399. The second of the three great festivals of the Jewish ecclesiastical year occurs on the sixth and seventh days of the third month (Sivan), which rncludes parts of May and June. It is called in Hebrew Shovuos, but more generally The Feast of Pentecost, from the Greek pentekoste, the fiftieth day; since it commemorates the giving of the Law to Moses on Mount Sinai fifty days after the deliverance of the Israelites out of Egypt. It was on the sixth day of Sivan that God spoke the Decalogue from the top of Mount Sinai, consequently one of the names for this festival is The Time of Giving the Law. It is called also The Feast of Weeks, because it marks the completion of seven weeks, counted from the second day of Pesach or Passover. On that day the Jews of Palestine presented their omer of newly-reaped barley in the Temple, and counted forty-nine days from it; until on the fifteenth day they celebrated the Feast of Pentecost. This counting of the omer is still observed by the modern Jews (see 397). Two other names for this great festival are The Day of First Ripe Fruits, because the first ears of ripe wheat were offered in the Temple at Jerusalem; and The Harvest Festival, or the period of the wheat harvest in the East. As, among the Western nations, the Festival of Pentecost does not occur during the wheat harvest, but when the flowers are in full bloom, the scattered races of the Jewish people decorate their synagogues with flowers and shrubs, grateful to the eye and fragrant with many perfumes. Strict Jews consider themselves in duty bound to stay up during the first night of the festival to read portions of the Law and excerpta from the prophets. The three days preceding Shovuos, or Pentecost, are styled The Three Days of Setting Bounds, in allusion to the Divine command to Moses to set bounds round Mount Sinai before the giving of the Ten Commandments.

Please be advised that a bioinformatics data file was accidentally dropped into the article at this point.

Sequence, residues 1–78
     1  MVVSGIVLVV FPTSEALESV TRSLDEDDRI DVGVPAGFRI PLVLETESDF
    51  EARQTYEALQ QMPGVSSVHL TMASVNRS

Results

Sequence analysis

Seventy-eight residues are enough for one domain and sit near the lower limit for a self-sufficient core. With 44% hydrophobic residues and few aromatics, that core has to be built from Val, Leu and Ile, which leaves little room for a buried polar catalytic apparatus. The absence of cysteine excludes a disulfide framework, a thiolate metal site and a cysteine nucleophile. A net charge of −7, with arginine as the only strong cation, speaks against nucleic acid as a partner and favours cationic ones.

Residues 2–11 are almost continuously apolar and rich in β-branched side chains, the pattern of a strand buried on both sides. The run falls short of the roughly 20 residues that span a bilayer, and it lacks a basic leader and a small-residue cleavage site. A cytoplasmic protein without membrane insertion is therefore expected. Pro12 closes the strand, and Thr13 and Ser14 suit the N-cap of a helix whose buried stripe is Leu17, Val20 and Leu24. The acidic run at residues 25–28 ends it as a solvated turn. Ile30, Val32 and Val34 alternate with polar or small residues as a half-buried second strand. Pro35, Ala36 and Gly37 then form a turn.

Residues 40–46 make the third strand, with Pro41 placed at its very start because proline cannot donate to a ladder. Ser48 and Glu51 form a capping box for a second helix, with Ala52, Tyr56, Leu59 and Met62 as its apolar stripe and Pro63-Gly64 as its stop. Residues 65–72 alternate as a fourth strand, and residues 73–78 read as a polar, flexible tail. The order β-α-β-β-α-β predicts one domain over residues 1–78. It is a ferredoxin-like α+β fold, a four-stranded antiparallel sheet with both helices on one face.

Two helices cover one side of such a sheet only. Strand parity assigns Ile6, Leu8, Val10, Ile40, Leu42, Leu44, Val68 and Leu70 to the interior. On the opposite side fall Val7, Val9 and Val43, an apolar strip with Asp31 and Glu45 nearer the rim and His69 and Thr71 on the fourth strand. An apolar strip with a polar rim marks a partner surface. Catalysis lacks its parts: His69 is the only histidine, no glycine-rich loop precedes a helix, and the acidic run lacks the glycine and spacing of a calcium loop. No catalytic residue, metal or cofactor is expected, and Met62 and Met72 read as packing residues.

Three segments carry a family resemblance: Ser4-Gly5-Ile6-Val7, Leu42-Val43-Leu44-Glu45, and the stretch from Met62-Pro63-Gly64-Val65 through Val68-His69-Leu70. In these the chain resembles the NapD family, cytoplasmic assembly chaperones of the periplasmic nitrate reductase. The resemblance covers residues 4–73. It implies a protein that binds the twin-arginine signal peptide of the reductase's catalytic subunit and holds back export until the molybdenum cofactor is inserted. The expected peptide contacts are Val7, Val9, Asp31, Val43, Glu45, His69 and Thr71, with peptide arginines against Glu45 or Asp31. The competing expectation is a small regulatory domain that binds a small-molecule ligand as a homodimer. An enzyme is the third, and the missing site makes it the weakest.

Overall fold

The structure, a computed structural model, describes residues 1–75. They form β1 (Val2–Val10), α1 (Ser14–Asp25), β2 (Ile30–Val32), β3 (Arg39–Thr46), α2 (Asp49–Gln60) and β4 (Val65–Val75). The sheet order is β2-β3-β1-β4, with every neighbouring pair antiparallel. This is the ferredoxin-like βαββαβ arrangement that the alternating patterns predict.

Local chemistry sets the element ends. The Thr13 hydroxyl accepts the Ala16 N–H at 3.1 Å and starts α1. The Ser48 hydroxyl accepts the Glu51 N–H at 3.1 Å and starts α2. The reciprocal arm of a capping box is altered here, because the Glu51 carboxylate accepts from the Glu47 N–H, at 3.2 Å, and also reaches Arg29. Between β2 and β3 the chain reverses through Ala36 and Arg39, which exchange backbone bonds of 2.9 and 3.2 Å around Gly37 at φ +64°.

400. The seventeenth day of the fourth month (Tammuz) of the Jewish ecclesiastical year is The Black Fast, or Fast of Tammuz. From sunrise until nightfall on this day no food may be taken, on account of the grievous calamities which befell the Jewish nation on the seventeenth of Tammuz. After withstanding a siege of two years' duration, the walls of Jerusalem gave way before the attacks of Nebuchadnezzar, King of Babylon; the Jewish king was taken prisoner, and after witnessing the slaughter of his two sons, both his eyes were put out. Many years later, again on the seventeenth of Tammuz, the city of Jerusalem fell into the hands of the Emperor Titus, at the head of a Roman army, and a wholesale massacre of its inhabitants took place. Moreover, it was on this day that Moses descended from Mount Sinai, and seeing the Israelites worshipping the golden calf, he, in his anger, broke the two Tables of the Law at the foot of the Mount. In punishment for their idolatry Moses, in the name of God, commanded the sons of Levi to pass through the camp, sword in hand, and slay all the wrongdoers, sparing neither friend nor brother. The number who fell on that day, we read, was about 3,000. Truly such a mournful day is fittingly commemorated by a strict fast. For the Jews find comfort in the words of the prophet Zechariah (viii. 19), that their days of sorrow shall he turned to gladness: "Thus saith the Lord of hosts; The fast of the fourth month, and the fast of the fifth, and the fast of the seventh, and the fast of the tenth, shall be to the house of Judah joy and gladness, and cheerful feasts."